‘Full bodied and comforting as home-baked apple pie’ is one apt description of Houston Person’s saxophone sound. It has also been compared to ‘mom’s meatloaf.’ Inasmuch as these similes attempt to convey the warm-hearted and effortlessly accomplished nature of the South Carolina-born tenorman’s art, they are spot-on, but it must be remembered that Person’s roots are in organ-centered R&B. This brings a bluesy integrity resulting from his immersion in music forever connected with Gen Ammons, Stanley Turrentine and others, to which Person has added a burnished sophistication, an assured elegance and poise that have rendered his recent discography an object lesson in unfussy, no-gimmicks music-making. Person also possesses an ability to imbue up-tempo material with an irresistible wailing intensity. All these traits are on full display on his new disc, “Nice ‘n’ Easy.”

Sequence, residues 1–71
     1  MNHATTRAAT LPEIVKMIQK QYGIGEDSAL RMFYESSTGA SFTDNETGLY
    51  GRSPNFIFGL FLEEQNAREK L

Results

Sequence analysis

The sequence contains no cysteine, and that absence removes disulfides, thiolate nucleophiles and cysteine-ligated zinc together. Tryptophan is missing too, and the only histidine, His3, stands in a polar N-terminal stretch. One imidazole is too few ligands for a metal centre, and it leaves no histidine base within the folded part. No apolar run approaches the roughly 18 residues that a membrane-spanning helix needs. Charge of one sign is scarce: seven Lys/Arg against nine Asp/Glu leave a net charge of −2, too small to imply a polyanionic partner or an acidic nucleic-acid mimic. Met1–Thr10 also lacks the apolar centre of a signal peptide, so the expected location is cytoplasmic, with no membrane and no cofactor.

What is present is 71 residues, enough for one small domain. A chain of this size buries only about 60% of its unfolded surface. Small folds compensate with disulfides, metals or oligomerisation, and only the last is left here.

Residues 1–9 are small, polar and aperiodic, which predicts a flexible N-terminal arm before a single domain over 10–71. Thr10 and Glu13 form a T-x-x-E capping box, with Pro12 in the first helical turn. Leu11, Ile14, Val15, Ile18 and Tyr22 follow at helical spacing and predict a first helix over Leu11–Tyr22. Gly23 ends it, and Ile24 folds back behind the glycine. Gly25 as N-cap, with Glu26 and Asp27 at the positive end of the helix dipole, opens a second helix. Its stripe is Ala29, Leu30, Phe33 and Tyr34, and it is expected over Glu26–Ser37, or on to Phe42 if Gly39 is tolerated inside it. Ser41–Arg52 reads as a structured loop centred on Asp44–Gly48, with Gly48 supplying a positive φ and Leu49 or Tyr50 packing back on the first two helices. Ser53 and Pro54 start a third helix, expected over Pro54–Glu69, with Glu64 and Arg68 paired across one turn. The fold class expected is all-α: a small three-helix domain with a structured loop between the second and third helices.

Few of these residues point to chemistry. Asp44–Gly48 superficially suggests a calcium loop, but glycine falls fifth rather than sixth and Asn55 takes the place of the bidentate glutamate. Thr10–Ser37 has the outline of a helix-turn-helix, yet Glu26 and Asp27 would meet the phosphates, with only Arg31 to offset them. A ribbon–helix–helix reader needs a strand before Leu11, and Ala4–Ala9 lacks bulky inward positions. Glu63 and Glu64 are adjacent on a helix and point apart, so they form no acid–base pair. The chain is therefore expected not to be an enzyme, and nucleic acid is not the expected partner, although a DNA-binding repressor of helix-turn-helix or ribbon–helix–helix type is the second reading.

Though rooted firmly in the tradition of big band jazz, Dave Slonaker’s Los Angeles-based Big Band looks toward the future of large ensemble jazz on “Intrada,” a set of dynamic modern original compositions and arrangements. The band features an all-star cast of jazz and studio greats including Peter Erskine, Wayne Bergeron, Clay Jenkins, Bob Shepard and Bill Reichenbach. An arranger and orchestrator for many Hollywood composers, Slonaker has credits on dozens of films and TV shows, and his works have been performed by the Count Basie, Clark Terry, and Woody Herman Bands.
Also this week, drummer Chris Parker, a Chicago native who includes work with Miles Davis, the Brecker Brothers and Freddie Hubbard on his resume, unveils a new recording, “The Chris Parker Trio”; trombonist Wycliffe Gordon, who just completed a residency in Eastern Iowa, offers up “The Intimate Ellington: Ballads and Blues”; and the proto-retro crucible of cool, Chaise Lounge, reminiscent of the glory days of the L.A. studio cats of the ‘60s, releases “Dot Dot Dot.”